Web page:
Indeed, no one in the entire state of New York has been diagnosed with novel coronavirus.
While the novel coronavirus has infected more than 75,000 people and killed over 2,100 worldwide, it's caused far fewer deaths than the flu.
Globally, an estimated 290,000 to 650,000 people die from the flu each year, the World Health Organization says.
In the United States alone, an estimated 12,000 people have died from the illness so far this flu season, which started September 29, the US Centers for Disease Control and Prevention said.
By contrast, since the novel coronavirus was first detected in the United States in January, 15 people have been diagnosed with the illness as of Wednesday. None of them has died.
Each of those 15 cases involved someone who has recently returned from Wuhan, China, or the spouse of someone who has recently returned from Wuhan.
The US CDC notes that "at this time, this virus is NOT currently spreading in the community in the United States."
"It may be possible that a person can get COVID-19 by touching a surface or object that has the virus on it and then touching their own mouth, nose, or possibly their eyes, but this is not thought to be the main way the virus spreads," the US CDC said.
Deciding whether to act is a deeply personal choice.
"I'm not going to tell anyone it's not risky ... but I don't think staying silent is going to make anything better," said Lucy Duncan, who conducts training on bystander intervention for American Friends Service Committee.
If you do act, experts offer tips on how to stay safe and what not to do.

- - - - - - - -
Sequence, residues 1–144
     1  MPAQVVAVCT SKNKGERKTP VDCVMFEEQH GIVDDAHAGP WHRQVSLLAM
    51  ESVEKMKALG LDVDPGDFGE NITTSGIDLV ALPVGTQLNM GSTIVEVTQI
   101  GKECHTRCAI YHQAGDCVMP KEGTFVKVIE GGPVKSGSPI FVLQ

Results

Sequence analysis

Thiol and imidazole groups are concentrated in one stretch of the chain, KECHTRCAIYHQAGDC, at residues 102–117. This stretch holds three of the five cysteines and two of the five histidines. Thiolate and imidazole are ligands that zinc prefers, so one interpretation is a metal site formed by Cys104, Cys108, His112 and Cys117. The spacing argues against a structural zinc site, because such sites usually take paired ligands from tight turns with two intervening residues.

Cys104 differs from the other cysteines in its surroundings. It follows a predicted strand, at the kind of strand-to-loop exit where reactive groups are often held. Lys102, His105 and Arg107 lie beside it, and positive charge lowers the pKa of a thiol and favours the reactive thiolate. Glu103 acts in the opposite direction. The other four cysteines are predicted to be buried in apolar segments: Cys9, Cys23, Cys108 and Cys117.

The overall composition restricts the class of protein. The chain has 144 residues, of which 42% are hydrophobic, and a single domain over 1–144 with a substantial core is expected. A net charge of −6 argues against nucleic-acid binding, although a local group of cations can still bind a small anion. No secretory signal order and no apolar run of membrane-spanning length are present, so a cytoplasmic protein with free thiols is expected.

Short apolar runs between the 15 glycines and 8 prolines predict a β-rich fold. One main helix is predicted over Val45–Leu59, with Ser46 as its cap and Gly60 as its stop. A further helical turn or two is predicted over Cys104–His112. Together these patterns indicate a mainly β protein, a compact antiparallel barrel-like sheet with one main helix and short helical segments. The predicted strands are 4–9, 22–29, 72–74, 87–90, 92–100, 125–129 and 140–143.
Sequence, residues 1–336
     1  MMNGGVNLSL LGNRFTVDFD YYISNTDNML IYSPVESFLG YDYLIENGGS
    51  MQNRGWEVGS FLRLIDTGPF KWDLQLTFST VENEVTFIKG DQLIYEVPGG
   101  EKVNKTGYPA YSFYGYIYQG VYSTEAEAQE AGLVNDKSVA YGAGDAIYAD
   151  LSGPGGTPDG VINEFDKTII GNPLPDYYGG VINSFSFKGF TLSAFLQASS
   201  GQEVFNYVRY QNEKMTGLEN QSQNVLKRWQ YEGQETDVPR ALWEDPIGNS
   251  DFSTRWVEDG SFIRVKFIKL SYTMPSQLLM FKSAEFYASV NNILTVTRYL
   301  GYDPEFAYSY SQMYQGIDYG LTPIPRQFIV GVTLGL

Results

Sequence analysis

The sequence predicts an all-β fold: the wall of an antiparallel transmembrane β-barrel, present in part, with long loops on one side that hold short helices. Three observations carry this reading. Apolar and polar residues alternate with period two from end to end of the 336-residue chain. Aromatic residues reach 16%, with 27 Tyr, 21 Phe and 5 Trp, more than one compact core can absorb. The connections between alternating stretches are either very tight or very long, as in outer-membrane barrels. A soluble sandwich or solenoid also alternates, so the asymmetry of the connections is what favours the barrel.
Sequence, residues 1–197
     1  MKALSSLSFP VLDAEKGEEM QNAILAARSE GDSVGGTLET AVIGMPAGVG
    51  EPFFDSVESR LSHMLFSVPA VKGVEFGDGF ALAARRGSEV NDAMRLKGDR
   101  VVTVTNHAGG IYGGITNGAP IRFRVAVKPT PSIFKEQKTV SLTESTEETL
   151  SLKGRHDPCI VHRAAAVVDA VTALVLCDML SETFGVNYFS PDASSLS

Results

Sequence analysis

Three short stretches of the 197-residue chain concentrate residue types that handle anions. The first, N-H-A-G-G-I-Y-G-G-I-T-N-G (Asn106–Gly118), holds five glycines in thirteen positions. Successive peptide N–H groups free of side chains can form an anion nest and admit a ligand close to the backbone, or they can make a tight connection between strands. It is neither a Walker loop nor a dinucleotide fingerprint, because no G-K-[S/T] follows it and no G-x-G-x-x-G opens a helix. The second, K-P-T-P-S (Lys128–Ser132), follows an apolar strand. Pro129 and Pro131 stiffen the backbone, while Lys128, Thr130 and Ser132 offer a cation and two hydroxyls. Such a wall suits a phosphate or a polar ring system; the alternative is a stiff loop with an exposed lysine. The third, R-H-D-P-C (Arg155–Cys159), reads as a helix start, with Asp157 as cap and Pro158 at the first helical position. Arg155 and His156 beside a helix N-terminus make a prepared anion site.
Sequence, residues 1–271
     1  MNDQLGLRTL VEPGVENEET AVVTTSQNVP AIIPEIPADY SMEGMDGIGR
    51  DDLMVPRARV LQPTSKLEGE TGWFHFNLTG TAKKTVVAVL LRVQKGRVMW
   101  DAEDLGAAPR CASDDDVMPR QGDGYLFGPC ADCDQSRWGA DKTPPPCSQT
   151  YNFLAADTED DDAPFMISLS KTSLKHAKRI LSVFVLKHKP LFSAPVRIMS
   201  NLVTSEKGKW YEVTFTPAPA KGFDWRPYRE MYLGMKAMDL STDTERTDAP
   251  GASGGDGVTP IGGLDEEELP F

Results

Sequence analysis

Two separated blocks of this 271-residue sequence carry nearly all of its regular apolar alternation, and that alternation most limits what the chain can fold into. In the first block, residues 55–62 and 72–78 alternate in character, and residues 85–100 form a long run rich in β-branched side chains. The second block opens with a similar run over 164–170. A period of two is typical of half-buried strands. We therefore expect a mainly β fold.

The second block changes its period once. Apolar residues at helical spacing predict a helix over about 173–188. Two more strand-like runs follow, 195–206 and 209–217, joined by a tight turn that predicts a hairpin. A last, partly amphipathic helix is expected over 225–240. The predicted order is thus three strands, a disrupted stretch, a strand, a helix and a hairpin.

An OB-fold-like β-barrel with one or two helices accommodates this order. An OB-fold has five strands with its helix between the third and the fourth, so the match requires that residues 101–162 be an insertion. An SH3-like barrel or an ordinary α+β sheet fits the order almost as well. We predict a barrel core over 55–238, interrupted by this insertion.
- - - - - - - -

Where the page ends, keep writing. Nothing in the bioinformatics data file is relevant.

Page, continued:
First, bystanders can assess the risk by seeing how many people are nearby. It's good to make eye contact with others and gauge whether you'd have allies if intervening, Duncan said.
Other tips include:
-- Keeping a safe distance between yourself and the instigator
-- Filming the event if it's OK with the victim
-- Following up with the victim after the situation is over to see whether he or she needs anything else
Of course, there are also risks to intervening. So it's important to consider your surroundings and how dangerous the instigator might be, said Andrew J. Scott, a retired police chief and president of AJS Consulting. For example:
-- Is the perpetrator much larger than you are?
-- If things get ugly, is there an easy escape route? Or are you stuck in a confined area?
If you're too nervous to intervene, the American Friends Service Committee suggests moving closer to the person being harassed so you can communicate your support.
Duncan said it's best to let perpetrators know that harassment and attacks won't be tolerated.
"The danger is if we don't speak up for each other, the number of people being targeted is going to be expanding." she said.
"If they don't intervene, that kind of violence or that kind of incident becomes normalized."